But when they got adequate sleep, more than half of the weight they lost was fat.8
Meanwhile, when they cut back on their sleep, only one-fourth of their weight loss was fat.
The research concluded sleep-deprived people tend to have higher levels of the hunger hormone, ghrelin, in their bodies, which is responsible for stimulating appetite and promoting fat storage.
According to the Sleep Foundation, sleep and depression are interlinked. Poor sleep can potentially lead to the development of depression.
Sleep deprivation may also contribute to depression by changing the natural levels of serotonin, which is widely recognised as being a mood stabiliser, in the body.
What’s more, sleep disruptions can negatively impact the body’s stress system, disrupting our natural physical, mental and behavioural changes (circadian rhythms) and increasing vulnerability for depression.
It’s been reported that people who are treated for depression, may see an improvement in the quality of their sleep.9
A study into the ‘The extraordinary importance of sleep’ found that sleep is critical for enabling us to think clearly and be vigilant, alert and maintain focus.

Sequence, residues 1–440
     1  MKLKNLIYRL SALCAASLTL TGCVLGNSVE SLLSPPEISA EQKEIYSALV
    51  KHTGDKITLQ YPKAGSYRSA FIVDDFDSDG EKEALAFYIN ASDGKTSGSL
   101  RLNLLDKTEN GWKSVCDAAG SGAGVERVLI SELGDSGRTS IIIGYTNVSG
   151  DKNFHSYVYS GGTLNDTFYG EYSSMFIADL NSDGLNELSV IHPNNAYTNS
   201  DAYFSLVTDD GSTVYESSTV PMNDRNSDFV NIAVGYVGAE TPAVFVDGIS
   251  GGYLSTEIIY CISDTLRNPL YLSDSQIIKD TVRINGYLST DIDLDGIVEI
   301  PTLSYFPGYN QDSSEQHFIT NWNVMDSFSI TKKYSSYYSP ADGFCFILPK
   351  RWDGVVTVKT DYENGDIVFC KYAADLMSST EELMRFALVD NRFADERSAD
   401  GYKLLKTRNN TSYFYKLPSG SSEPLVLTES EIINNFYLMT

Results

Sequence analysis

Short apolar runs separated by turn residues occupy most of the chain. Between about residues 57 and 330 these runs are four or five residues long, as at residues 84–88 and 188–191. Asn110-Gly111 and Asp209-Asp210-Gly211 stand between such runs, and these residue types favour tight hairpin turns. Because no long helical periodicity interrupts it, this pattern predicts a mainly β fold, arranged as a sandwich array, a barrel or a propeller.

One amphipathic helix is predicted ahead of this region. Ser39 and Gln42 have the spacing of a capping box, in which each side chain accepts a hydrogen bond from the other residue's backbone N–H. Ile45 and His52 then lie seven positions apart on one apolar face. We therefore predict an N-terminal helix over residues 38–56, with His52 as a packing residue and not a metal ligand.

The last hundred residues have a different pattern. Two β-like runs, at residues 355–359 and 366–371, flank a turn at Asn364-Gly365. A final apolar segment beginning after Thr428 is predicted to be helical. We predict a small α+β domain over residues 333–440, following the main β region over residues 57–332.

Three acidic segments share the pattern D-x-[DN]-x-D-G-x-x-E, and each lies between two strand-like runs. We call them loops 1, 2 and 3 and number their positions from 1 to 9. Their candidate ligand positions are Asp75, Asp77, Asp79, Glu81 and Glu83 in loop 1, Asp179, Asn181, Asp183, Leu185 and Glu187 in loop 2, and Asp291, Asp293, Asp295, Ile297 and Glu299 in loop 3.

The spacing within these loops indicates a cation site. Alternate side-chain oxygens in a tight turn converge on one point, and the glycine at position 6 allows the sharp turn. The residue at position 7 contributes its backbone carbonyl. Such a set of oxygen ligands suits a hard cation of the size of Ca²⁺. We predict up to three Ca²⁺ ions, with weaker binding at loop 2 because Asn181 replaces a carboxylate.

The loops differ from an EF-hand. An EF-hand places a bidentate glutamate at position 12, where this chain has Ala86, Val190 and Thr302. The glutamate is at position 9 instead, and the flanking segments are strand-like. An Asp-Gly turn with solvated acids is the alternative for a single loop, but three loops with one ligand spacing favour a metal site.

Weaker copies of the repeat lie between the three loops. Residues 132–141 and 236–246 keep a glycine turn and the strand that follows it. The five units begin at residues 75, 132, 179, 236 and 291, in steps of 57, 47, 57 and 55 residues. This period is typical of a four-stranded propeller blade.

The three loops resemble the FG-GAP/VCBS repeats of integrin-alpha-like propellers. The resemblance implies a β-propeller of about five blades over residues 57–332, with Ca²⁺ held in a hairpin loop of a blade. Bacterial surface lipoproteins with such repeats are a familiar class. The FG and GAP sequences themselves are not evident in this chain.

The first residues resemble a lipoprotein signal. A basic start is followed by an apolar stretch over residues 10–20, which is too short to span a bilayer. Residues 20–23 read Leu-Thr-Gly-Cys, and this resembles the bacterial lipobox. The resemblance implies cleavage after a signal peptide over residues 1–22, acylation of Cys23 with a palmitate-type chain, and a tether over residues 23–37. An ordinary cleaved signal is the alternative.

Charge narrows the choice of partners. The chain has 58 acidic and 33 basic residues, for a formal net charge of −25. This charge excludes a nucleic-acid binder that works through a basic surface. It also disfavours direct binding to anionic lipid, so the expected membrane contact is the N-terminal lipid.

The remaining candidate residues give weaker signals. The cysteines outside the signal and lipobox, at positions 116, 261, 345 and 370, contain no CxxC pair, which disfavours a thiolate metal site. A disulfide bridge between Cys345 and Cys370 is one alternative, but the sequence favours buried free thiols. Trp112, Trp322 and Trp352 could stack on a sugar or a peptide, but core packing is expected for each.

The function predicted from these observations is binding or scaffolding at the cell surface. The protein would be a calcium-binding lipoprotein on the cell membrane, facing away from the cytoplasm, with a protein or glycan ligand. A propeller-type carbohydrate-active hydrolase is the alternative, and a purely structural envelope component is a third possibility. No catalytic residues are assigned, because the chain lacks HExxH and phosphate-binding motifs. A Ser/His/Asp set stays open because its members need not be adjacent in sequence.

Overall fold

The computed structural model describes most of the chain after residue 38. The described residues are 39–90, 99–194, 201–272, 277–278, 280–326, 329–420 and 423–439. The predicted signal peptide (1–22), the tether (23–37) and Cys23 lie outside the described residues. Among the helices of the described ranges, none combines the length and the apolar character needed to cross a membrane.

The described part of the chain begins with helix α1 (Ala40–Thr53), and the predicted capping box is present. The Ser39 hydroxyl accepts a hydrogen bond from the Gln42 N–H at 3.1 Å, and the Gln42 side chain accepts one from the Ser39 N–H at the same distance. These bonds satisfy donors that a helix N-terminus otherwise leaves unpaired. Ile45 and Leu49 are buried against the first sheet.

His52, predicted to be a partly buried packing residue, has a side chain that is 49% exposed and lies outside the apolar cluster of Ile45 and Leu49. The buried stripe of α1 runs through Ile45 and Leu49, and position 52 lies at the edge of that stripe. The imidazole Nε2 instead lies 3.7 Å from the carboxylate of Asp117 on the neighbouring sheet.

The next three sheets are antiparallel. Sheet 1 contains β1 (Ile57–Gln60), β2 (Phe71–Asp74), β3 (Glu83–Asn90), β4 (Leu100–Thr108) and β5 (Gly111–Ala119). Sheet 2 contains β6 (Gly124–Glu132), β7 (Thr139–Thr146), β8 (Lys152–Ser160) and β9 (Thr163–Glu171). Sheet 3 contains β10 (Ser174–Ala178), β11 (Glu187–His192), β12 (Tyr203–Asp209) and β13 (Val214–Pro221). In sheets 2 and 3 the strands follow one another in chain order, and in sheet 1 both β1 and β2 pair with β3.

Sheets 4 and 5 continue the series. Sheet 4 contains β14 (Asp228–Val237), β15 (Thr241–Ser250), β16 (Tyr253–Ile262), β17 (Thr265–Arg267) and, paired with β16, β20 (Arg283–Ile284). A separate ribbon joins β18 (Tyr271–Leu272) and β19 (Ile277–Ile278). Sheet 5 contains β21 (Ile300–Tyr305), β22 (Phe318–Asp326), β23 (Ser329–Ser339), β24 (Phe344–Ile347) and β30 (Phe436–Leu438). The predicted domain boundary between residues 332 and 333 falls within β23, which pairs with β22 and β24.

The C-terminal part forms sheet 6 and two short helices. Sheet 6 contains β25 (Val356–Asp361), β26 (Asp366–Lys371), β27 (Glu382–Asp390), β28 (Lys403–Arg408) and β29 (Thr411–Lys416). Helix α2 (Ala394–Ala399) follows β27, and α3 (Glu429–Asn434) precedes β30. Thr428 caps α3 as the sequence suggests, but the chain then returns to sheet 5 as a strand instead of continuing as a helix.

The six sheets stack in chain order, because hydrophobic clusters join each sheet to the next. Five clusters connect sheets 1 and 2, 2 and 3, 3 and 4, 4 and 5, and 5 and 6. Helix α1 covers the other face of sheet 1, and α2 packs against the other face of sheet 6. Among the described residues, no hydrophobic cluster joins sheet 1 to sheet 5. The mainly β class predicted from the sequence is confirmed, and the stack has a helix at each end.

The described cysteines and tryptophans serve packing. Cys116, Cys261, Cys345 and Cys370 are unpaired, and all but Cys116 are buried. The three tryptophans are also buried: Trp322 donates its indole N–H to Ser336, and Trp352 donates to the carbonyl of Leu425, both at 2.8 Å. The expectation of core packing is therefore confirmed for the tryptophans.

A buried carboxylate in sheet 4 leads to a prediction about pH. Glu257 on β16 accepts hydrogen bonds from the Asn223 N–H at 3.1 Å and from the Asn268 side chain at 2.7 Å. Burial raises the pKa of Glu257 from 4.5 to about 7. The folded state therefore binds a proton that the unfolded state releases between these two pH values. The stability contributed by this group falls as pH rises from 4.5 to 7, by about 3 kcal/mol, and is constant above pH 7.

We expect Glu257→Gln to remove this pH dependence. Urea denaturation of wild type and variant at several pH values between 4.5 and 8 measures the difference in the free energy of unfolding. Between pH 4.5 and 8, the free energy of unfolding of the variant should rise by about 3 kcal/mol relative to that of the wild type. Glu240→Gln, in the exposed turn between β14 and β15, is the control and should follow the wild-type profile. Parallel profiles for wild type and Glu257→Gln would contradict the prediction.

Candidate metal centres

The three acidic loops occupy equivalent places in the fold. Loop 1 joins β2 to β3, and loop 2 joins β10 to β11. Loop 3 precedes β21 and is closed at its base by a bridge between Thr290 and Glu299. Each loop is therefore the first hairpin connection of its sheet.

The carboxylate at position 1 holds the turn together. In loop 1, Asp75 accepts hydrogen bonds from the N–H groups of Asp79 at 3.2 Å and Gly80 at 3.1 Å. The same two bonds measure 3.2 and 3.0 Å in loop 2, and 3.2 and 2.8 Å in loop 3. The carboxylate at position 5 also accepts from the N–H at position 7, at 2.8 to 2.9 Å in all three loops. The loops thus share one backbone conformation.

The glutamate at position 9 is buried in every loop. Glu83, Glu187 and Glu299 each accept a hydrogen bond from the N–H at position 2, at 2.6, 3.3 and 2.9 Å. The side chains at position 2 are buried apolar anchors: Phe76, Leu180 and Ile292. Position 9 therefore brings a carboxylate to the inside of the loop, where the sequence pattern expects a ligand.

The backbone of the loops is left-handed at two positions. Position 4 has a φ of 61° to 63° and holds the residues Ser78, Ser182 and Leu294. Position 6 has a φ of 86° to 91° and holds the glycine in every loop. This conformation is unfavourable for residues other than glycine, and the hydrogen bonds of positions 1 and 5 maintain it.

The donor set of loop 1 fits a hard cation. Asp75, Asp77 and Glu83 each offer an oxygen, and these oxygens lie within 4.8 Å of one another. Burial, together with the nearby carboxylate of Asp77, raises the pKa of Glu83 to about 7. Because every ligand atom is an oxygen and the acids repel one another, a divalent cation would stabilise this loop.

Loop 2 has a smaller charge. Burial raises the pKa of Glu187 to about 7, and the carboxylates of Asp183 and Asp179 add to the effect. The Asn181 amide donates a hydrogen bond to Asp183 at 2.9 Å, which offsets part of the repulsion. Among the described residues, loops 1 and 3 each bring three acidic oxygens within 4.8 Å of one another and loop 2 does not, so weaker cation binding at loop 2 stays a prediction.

Researchers observed that people whose daily sleep duration is inadequate or repeatedly disrupted often see their cognitive abilities, i.e. performance, working memory, cognitive speed and accuracy, being negatively impacted.10
While sleep isn’t a magic wand we can wave that instantly makes us look younger (if only it was), it does play a key part in helping slow down and prevent the signs of ageing.
This is fundamentally down to the fact that when we sleep, it helps regenerate body tissues, including our skin, bones and muscles.
More specifically, when we get a good night’s sleep, e.g. Stage 3 non-REM sleep, we produce the Human Growth Hormone (HGH), which has been linked to helping restore the body.12